First and foremost, accurate decomposition of AGN host galaxies requires the analysis PSF to be stable and well-matched to the science image. The stability of the PSF depends on a number of instrumental and environmental factors. For instance, the PSF shape may depend sensitively on the telescope focus, detector temperature, optical distortion, relative alignments of the telescope optics, and telescope jitter. Therefore, changes in atmospheric conditions or focus drifts may cause the PSF to vary with time. Optical distortions in the telescope optics can also cause the PSF shape to change subtly across the field of view of the detector. Ground-based observations are most susceptible to these effects.

In most respects, the HST, in the near absence of terrestrial environmental effects, produces the most stable PSF of all current optical/near-infrared telescopes. It thus has been an incomparable choice for studying AGN host galaxies (e.g., Bahcall et al. 1997; Boyce et al. 1998; McLure et al. 1999; Schade et al. 2000; Dunlop et al. 2003). Nevertheless, subtle changes in the telescope structure and instruments, such as plate-scale “breathing” or focus changes due to out-gassing of the telescope structure, do cause the PSF to vary slowly with time (e.g., Jahnke et al. 2004; Sánchez et al. 2004; Kim et al. 2007). The shape of the PSF also changes because the PSF is undersampled (this issue is discussed in detail in §2.2).

PSF variability, which produces a mismatch between the science data and the analysis PSF, is the leading cause for systematic measurement errors in AGN image analysis. When PSFs are fitted to AGNs, mismatches produce residuals in the image that do not obey Poisson statistics. If the AGN is sufficiently bright, the systematic residuals exceed the random noise and may rival the light from the host galaxy beneath.

To study the effects of PSF mismatch on real data, we will first identify the most important causes for PSF mismatches and then quantify their relative importance. We use two types of PSF images. The first are synthetic PSFs from TinyTim8 (Krist 1995). We use this program to create several non-oversampled PSF images, each of size pixels, an area large enough to include 99% of the total flux. The PSF is exactly centered on a pixel, and we do not introduce jitter into the model, which has the same practical effect as PSF mismatch that we discuss later. In addition, we also use PSF images derived from actual observations of five stars contained in the HST archive (Table 1).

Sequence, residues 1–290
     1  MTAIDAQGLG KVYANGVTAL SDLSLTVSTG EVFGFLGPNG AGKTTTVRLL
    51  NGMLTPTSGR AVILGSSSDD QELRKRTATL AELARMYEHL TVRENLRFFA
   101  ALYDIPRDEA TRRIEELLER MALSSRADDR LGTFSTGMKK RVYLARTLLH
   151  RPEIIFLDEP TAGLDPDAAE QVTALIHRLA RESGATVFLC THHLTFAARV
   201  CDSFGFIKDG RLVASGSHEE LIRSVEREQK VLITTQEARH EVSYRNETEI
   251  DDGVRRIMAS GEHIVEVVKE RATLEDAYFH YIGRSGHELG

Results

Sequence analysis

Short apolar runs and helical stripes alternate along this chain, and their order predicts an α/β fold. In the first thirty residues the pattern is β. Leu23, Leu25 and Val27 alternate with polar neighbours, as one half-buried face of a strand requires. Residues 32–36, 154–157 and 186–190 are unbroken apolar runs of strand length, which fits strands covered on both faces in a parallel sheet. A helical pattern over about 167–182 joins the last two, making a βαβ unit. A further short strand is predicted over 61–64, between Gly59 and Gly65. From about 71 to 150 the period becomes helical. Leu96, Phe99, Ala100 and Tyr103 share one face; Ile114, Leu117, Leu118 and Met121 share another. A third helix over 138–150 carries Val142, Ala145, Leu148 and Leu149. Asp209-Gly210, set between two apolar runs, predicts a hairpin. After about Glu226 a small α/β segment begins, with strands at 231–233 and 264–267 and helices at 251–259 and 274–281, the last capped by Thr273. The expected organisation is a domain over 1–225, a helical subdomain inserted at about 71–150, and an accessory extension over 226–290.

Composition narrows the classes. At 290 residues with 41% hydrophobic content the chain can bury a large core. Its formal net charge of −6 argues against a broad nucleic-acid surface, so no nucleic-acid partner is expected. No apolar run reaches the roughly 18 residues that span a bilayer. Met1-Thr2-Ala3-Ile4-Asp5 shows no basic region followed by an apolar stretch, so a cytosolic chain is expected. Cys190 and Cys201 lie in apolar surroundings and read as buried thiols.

Figure 1: PSF variation as a function of spectral type. (Left) PSFs in the F606W filter created by TinyTim with different SEDs: O5 star (black line, the reference PSF), A0 star (blue line and circles), F8 star (green line and crosses), power law (magenta line and diamonds), and power law (red line and squares). The top panel shows the normalized surface brightness profiles (each offset by 0.7 units in the ordinate for clarity) as a function of semi-major axis. The bottom panel shows the residuals of the surface brightness profiles between the reference PSF and the other PSFs. (Right) Residual images of each PSF image after fitting it to the reference PSF. The size of each box is 5050 pixels (5). All images are on a linear gray scale. The variation is almost negligible.

2.1 PSF Variation

PSF variations in HST images can be broadly separated into three categories: color differences due to the spectral energy distribution (SED) of an astronomical object, spatial changes due to optical distortions across the field of view, and temporal changes due to gradual movements of the telescope optical system.